Whether you’re upskilling your existing team or bringing in fresh talent, apprenticeships can be an excellent way of driving innovation and providing your teams with the latest skills and fresh ideas.
Entry-level recruitment is difficult in any sector – you’re often hiring on potential rather than industry-proven skills, and in the hope that the education that has been completed before the new hire starts will provide the necessary soft skills to hit the ground running when they enter the workplace.
But in fast-moving digital roles this is even more of a challenge. What is new and cutting-edge today will be old news very quickly, and for this reason increasing numbers of employers are choosing to invest time in training a digital apprentice. By taking this approach individuals learn the company and the sector by working alongside colleagues but also absorb knowledge and skills in short sprints which they can instantly apply in the workplace as they go.
But employers too have a responsibility to help young apprentices make the most of their time learning their chosen profession – ensuring that they are effectively set on the path to success from an early age.
Here we look at a few factors that can help to ensure an apprentice hits the ground running:
Online learning has become increasingly prevalent over the last 12 months. Some of this is down to changes in the workplace that have taken place on the back of the coronavirus pandemic and made remote working the norm. But make no mistake – much of this would have happened regardless.
In many ways, the young people we’re working with today are hard-wired to thrive in this new world of work. They’re digital natives comfortable with using tech like Microsoft Teams to collaborate with others and manage projects and workflows.
However, online learning on its own is not a like-for-like replacement for in-person sessions – rather it is a different approach that needs to be thought through carefully in order to be successful. It certainly shouldn’t be a case of simply converting existing materials so that they can be accessed online – the learner deserves and expects a richer more interactive experience.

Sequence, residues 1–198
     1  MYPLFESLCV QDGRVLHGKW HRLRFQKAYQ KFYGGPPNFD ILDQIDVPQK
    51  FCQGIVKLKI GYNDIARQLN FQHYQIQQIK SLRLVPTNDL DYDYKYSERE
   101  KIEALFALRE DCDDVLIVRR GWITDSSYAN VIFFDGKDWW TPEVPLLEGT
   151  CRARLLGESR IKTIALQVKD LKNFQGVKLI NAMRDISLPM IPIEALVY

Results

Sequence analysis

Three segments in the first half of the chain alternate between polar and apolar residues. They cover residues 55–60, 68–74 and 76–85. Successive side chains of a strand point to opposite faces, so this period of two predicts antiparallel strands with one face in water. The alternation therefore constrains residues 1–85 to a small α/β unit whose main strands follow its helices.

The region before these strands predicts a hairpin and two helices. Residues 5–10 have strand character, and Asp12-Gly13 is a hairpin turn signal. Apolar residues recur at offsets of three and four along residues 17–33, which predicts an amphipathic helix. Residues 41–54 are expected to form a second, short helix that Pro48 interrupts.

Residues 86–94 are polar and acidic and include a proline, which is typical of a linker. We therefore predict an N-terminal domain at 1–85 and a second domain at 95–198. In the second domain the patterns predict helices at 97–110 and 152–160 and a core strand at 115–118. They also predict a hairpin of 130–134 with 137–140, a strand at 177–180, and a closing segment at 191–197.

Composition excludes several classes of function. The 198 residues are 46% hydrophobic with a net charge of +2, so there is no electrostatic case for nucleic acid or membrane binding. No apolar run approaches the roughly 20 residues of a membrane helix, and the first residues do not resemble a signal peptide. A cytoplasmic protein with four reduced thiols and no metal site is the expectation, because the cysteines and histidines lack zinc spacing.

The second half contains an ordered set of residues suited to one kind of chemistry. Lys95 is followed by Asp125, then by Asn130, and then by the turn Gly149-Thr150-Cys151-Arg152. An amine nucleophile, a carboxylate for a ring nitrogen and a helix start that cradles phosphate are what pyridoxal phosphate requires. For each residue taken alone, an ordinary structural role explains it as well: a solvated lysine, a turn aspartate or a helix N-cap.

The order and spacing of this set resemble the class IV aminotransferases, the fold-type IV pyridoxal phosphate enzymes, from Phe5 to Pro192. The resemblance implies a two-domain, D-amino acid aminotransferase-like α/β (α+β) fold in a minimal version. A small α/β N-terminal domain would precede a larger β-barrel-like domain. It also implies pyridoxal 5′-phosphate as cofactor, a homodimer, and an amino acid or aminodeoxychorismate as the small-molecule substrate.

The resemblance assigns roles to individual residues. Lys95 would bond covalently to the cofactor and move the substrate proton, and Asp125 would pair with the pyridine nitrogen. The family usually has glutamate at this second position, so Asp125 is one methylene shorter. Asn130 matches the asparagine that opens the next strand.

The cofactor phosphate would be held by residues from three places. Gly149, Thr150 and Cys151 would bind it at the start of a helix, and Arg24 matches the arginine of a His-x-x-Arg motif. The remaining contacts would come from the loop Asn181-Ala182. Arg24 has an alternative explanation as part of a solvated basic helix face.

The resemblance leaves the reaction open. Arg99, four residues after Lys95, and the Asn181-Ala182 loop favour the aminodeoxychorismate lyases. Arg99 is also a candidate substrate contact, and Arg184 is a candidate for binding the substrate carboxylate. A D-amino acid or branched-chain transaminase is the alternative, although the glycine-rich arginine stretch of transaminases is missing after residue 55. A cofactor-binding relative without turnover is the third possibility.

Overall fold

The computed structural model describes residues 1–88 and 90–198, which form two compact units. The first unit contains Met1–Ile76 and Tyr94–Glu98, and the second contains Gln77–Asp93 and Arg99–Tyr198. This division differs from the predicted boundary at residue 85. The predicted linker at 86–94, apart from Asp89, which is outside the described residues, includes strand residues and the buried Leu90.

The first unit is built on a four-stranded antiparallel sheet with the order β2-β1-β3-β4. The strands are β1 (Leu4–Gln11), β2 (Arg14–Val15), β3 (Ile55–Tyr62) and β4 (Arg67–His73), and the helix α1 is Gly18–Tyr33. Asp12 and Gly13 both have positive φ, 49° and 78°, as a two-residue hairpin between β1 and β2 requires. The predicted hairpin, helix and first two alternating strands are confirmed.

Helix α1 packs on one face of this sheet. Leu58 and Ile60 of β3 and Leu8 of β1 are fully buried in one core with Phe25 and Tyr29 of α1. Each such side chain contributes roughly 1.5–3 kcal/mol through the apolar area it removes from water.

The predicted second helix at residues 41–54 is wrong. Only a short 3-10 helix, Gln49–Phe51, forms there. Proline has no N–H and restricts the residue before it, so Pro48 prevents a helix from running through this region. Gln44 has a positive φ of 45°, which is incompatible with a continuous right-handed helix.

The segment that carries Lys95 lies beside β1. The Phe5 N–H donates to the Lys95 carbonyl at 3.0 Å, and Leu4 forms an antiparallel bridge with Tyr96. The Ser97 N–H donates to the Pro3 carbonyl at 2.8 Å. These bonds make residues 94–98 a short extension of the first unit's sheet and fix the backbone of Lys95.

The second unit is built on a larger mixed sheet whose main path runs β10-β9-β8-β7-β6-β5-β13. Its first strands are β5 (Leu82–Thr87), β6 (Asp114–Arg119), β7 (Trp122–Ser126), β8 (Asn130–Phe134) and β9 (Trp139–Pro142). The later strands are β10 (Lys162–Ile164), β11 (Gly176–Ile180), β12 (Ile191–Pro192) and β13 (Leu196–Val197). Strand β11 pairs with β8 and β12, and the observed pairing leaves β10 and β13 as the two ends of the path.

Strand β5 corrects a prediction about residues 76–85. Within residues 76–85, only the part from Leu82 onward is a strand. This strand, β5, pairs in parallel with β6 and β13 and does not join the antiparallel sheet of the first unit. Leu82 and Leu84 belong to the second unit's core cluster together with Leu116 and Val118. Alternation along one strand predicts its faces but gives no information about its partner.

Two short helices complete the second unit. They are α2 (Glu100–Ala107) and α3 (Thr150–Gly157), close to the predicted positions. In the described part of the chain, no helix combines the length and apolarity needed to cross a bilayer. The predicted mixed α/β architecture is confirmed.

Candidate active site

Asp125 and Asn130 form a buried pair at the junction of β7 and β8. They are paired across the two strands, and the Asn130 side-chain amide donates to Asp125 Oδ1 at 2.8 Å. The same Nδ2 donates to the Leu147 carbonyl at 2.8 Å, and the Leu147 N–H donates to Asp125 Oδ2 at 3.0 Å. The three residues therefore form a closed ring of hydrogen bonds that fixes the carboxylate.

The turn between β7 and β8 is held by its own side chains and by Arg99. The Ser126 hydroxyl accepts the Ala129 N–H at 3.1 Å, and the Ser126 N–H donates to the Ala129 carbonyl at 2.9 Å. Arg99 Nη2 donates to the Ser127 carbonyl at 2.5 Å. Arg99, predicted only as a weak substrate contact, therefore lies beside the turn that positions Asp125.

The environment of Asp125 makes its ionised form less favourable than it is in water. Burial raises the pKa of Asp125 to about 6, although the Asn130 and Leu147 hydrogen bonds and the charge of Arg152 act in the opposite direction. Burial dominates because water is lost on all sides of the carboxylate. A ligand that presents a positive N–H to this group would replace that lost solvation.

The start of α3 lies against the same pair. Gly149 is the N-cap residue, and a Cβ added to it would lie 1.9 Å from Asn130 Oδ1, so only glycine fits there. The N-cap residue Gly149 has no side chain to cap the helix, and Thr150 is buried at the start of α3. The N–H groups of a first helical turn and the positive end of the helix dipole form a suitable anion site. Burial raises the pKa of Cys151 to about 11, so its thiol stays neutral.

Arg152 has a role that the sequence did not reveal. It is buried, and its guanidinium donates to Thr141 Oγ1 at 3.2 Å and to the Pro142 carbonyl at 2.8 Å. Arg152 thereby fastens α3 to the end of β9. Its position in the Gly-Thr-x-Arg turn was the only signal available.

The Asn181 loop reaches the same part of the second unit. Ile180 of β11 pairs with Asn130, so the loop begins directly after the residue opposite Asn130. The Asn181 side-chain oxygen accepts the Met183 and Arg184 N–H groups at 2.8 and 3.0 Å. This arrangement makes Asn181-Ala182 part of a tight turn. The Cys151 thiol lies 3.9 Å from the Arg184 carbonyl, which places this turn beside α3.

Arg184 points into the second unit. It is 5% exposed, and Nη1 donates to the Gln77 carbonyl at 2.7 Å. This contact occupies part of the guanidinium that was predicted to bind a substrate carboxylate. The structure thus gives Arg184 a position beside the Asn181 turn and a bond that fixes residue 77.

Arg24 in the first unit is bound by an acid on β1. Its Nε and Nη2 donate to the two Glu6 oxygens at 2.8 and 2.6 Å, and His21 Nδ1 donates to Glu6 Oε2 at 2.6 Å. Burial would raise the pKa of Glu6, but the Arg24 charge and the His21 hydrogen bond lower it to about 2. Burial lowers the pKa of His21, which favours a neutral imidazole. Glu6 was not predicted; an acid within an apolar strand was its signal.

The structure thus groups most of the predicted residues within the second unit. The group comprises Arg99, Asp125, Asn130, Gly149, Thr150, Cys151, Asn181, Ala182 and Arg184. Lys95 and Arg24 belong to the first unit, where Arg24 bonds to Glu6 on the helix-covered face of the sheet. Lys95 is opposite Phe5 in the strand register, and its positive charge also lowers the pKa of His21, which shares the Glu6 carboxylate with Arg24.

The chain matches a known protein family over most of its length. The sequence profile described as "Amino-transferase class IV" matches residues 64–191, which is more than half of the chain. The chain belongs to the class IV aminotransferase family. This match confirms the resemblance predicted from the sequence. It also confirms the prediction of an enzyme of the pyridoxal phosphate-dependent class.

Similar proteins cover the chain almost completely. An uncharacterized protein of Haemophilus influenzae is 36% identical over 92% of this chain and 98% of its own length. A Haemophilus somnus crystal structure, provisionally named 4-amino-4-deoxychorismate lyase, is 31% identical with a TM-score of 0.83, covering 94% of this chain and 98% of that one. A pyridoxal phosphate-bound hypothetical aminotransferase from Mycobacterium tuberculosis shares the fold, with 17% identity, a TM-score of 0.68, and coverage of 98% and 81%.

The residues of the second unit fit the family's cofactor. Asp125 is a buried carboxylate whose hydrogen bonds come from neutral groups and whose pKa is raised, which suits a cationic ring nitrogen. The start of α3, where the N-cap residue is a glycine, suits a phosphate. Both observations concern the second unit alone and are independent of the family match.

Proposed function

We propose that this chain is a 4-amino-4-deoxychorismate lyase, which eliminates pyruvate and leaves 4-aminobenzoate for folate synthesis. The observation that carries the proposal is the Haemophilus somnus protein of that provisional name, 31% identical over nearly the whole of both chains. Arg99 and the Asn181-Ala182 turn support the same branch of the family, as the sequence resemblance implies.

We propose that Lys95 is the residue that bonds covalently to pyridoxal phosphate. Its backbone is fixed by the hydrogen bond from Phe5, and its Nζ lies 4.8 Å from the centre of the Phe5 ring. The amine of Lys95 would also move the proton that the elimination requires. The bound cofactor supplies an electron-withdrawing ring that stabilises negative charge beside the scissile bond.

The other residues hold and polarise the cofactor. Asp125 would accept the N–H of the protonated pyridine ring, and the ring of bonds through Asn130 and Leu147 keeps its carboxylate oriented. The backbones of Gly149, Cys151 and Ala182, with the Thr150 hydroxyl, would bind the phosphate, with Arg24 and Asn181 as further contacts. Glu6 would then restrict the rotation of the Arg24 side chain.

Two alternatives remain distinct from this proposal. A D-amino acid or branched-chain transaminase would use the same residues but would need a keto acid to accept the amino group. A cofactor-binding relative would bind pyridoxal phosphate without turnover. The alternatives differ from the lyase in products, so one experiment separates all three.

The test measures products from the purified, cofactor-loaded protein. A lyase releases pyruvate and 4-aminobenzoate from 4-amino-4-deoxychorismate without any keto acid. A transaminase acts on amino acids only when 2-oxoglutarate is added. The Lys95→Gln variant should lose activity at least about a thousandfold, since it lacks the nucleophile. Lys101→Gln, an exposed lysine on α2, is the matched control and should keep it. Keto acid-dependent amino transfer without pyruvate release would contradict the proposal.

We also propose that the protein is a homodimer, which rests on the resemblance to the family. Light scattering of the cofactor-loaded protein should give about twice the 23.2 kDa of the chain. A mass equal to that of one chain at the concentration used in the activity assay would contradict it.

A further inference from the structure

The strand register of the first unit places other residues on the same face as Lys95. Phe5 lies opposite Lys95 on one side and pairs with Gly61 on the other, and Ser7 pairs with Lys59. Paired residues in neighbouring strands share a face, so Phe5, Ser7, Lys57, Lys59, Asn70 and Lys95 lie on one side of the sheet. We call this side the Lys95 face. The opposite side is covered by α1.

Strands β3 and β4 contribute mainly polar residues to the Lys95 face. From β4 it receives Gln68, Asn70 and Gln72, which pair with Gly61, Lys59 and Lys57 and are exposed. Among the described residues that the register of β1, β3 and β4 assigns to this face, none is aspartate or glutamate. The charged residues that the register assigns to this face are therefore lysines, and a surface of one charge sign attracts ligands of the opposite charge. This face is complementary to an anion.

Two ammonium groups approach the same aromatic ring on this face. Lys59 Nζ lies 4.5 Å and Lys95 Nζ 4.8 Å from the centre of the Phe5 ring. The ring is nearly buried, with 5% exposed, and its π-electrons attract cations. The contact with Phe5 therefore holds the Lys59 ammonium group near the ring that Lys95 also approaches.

Ofsted said similar in its annual report when it stated: “Online education needs to be well integrated into the provider’s curriculum offer in order to work effectively.”
For this to be the case there needs to be a real focus on quality teaching and tutor-led interactive online training models with individualised programmes which are employer-led and specifically designed to support the occupation in which the apprentice is being trained.
Apprenticeship positions should offer a structured and transparent learning plan which allows them to have a full understanding of their development and clear goals to work towards. They can then use this as they build their skills incrementally while simultaneously implementing their learnings in real-world practice.
The best apprenticeships are built on continued communication and constant feedback, something that younger workers often crave from a new role, giving them the best possible opportunity to meet the high standards of their employer and deliver ROI at a faster rate.
This professional development alongside continued learning of new and relevant skills is an investment which both the apprentice and the employer benefit from. Apprentice retention rates often exceed the average with apprentices far more likely to stay with the business in the long-term.
Embedded into the company culture from the get-go, these apprentices are trained in established ways of working within the business – meaning that they’ll work in the right way to make an impact within the company.
Young apprentices can become an important part of a cross-generational group that can provide a toolkit of workers with different strengths – helping to create a dynamic and diverse team.
In this way knowledge transfer, through both traditional learning and development and alternative methods such as reverse mentoring schemes, can add real value to an apprentice’s time with a business. Not only does it provide them with knowledge gained through years of experience, but it allows them to give something back to the business and share knowledge gained through their course.
Apprentices often bring new ways of approaching tasks to the table – and as digital natives they are already well equipped to adapt to new technologies and ways of working. By allowing them to reverse mentor more senior colleagues, they are able to share theories learned on their course and equip other members of the team with newfound skills and knowledge that they can use to increase business productivity.
In return this provides apprentices with the opportunity to gain confidence and develop soft skills such as communication which will serve them well throughout their future career.
It is worth remembering that it is not just practical skills, but also variances in the attitudes and motivations of these different age groups that can make reverse mentoring schemes successful. When recognised and harnessed, these differences can create a stronger united force for approaching tasks.